Nailing an interview is hard, especially for your dream job. That's why bestselling management author and CNBC contributor Suzy Welch says regardless of how qualified you may be, you never want to make the mistake of acting like you've already sealed the deal.
In fact, she says, it was this common mistake that cost her a job in 1981, when she was a recent Harvard University graduate.
"I wanted to be a journalist," she tells CNBC Make It, "so I sent my resume to about 50 newspapers from Maine to California, and pretty soon afterward, the Kansas City Times called and asked me to come out for two days."
On the first day, Welch says her reporting try-out went well and she was told she did great. "That was the beginning of trouble," she says. "I started acting, you know, a little too relaxed. Too casual. Too familiar."
She recalls riding to lunch with some editors from the paper and asking, "So, what kinda food we getting?" as if they were old friends. She even met with the editor-in-chief later that day and asked him where he lived as if she were trying to spot potential neighborhoods. The next morning, she says, she got a call letting her know that she didn't get the job because she didn't "fit in."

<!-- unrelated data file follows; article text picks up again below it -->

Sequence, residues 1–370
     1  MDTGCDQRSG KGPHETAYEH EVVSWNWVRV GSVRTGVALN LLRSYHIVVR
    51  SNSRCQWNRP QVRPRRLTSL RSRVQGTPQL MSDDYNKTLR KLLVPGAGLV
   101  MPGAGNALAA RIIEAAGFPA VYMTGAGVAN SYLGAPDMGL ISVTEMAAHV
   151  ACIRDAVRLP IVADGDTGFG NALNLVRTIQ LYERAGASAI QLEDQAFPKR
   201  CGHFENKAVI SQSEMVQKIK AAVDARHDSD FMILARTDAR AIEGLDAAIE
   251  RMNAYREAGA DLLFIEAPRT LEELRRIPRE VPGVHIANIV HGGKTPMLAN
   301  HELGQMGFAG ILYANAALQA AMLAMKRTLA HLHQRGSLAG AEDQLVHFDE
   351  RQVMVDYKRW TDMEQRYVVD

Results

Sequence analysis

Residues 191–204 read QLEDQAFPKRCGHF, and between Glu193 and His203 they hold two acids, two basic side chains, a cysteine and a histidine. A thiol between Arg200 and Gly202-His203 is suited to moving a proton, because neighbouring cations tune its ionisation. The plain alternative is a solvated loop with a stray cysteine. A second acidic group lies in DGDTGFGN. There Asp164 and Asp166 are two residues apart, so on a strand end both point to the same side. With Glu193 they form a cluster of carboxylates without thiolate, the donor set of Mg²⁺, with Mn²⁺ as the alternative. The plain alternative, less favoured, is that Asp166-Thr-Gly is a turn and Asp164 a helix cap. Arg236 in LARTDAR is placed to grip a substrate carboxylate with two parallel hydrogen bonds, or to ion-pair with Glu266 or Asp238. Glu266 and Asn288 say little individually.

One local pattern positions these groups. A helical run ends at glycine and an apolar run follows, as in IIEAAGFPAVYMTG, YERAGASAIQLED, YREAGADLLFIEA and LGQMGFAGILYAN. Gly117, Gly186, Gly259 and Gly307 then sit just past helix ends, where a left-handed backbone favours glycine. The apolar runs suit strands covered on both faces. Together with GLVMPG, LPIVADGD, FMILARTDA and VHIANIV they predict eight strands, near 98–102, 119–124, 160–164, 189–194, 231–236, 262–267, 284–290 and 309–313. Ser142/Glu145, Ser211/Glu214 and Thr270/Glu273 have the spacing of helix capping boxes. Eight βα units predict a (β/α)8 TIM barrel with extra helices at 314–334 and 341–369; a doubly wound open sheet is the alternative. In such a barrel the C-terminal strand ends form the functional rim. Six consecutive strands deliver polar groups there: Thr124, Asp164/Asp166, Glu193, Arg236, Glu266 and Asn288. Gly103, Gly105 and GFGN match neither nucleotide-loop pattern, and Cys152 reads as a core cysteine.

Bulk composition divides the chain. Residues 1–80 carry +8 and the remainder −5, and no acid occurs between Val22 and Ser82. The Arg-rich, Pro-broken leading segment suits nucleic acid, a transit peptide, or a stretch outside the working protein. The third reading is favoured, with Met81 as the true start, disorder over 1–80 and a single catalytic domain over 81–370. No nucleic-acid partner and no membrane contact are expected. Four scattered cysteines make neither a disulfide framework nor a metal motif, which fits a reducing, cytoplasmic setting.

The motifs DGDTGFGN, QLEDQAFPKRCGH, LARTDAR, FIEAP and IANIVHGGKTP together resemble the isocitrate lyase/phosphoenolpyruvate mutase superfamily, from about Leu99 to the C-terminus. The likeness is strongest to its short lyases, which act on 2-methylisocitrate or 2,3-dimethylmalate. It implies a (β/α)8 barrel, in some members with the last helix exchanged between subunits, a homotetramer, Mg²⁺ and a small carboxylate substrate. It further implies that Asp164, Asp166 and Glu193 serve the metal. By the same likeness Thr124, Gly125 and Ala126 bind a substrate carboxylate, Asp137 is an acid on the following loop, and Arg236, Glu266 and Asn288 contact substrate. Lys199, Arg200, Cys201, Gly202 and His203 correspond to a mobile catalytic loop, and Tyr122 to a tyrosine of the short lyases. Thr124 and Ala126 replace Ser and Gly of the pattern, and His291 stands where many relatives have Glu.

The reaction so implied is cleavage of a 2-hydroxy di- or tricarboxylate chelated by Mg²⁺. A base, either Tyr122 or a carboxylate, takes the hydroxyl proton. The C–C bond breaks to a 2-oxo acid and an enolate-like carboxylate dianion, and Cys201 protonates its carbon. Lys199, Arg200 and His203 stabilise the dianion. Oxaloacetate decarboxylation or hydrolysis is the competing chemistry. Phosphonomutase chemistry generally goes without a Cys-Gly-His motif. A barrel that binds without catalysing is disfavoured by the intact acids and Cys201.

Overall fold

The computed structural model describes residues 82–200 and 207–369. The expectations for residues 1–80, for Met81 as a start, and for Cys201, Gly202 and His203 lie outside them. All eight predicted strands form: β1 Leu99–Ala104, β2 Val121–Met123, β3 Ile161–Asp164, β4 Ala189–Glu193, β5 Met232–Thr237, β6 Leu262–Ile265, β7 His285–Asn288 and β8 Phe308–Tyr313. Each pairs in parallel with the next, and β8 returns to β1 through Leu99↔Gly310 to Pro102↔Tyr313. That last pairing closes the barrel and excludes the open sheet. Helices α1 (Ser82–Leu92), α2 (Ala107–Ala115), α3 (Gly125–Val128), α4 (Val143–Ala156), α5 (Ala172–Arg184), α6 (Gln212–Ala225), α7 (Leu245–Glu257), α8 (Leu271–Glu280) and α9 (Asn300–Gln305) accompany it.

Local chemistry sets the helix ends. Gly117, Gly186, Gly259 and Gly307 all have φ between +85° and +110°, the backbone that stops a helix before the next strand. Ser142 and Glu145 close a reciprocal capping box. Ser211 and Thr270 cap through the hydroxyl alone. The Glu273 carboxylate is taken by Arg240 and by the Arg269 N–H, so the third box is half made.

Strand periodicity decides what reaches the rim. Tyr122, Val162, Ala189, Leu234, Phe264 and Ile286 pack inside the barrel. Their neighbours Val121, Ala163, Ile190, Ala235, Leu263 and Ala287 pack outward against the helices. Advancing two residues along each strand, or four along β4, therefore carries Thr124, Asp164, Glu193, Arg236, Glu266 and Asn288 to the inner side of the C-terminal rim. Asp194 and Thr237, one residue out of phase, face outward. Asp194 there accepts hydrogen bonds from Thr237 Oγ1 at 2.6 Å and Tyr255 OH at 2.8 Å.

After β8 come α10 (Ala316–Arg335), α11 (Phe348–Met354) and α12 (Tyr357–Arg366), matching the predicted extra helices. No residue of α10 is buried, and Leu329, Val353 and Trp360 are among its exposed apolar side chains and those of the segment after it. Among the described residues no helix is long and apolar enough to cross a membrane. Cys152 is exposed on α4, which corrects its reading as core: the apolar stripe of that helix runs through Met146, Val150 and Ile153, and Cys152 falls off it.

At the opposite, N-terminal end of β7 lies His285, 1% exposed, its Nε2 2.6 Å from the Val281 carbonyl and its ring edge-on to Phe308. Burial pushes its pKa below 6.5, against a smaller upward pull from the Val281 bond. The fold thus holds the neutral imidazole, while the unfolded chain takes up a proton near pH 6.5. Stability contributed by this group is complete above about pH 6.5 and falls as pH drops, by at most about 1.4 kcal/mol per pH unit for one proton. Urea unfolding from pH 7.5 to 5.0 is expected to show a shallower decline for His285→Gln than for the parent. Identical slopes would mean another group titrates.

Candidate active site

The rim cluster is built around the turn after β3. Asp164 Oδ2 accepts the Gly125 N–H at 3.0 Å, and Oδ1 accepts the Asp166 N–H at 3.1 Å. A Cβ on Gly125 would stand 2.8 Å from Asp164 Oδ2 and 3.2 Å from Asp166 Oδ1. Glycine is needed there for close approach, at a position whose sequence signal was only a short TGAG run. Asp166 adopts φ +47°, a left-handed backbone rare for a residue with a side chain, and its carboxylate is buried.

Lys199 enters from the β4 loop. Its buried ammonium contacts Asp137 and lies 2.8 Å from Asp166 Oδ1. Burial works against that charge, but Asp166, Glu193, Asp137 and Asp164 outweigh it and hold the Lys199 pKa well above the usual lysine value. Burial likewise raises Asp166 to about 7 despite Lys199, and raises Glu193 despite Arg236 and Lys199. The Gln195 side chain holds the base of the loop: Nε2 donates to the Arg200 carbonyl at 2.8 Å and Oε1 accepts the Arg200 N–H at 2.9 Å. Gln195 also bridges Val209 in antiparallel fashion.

"The editor didn't have to explain himself," she says. "I was dumb, but not so dumb that I didn't know I had overstepped."
From that experience, Welch says she learned that you should always remember "there are power dynamics at play in an interview."
"Even if you think you're perfect for the job," she adds. "Even if they seem anxious to get you. Even then — they are the buyer, you are the seller. Do not let down your guard."
After you are hired, the dynamics may change a bit. "But until then," she says, "no open job is yours for the taking; it's yours for the winning, with skill and humility."
Welch says that's how she approached her next interview at the Miami Herald. And, as it turns out, she got the job.
Suzy Welch is the co-founder of the Jack Welch Management Institute and a noted business journalist, TV commentator and public speaker. Think you need Suzy to fix your career? Email her at email@example.com.
Video by Beatriz Bajuelos Castillo
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